Whether or not DLPFC and VLPFC play dissociable roles in working memory function, it is clear that these regions are also involved in other aspects of executive function. In a recent meta-analysis, Duncan and Owen28 considered the pattern of activation observed in studies chosen to reflect a wide range of different tasks. Their initial analysis considered studies of auditory discrimination, divided visual attention, motor initiation, task-switching, planning and semantic processing. In spite of the diversity of task demands, there was a striking clustering of the activations observed in these studies. Specifically, three main clusters were distinguished; dorsal anterior cingulate, a region dubbed ‘mid-dorsolateral’ and a ‘mid-ventrolateral’ region.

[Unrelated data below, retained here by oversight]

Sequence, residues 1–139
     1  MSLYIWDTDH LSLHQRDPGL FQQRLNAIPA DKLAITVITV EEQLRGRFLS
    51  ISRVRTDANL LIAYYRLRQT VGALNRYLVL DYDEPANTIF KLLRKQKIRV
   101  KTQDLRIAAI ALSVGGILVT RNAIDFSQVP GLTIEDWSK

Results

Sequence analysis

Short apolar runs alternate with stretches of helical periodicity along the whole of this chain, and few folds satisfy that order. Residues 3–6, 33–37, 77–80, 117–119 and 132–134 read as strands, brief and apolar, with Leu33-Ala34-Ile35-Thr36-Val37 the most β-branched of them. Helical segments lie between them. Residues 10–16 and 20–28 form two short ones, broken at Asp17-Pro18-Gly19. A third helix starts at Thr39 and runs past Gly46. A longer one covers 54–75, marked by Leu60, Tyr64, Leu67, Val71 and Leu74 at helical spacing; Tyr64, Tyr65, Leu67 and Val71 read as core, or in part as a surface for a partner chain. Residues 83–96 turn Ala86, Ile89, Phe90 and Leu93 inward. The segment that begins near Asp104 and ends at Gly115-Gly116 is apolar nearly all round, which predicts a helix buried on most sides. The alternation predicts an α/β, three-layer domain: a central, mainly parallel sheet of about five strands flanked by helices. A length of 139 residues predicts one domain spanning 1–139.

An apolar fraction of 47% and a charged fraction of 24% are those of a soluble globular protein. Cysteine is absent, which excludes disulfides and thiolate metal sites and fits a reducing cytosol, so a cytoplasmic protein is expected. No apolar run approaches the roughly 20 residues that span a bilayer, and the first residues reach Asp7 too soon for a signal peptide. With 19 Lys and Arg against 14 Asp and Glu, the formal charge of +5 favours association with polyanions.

The initial analysis was followed by a more systematic assessment of studies which had manipulated a particular cognitive demand: response conflict, task novelty, working memory load, memory delay or perceptual difficulty. For each of these demands, five or more studies had assessed the effects of manipulating that demand. Once again, the clustering was striking, with the same three areas involved in all five types of manipulation. The authors concluded that a common network, involving these three regions, is recruited by diverse cognitive demands. However, they did not rule out the possibility that there may be finer specialisations within this network. One possibility is that there is fine specialisation within each region at a level that cannot be resolved by functional imaging, particularly in group studies where the necessary normalisation and smoothing of raw images reduce the anatomical resolution. An alternative, and not mutually exclusive, possibility is that specialisation within these regions is a matter of degree, such that although a broad network is activated by different tasks, the relative magnitude of activations within each region may be task-dependent. Finally, it is possible that the three regions do subserve different functions, but that these functions are sufficiently abstract to be involved in many different complex cognitive tasks. The evidence discussed above, that DLPFC and VLPFC may play differential roles in working memory, would support this final suggestion. Evidence from studies using N-back (see below) and reverse span tasks20,22 also point to a selective enhancement of DLPFC activity (but not VLPFC or dorsal cingulate activity) when subjects must undertake re-organisation of material in working memory. Again this supports the suggestion that there is at least some degree of functional segregation among these three prefrontal regions.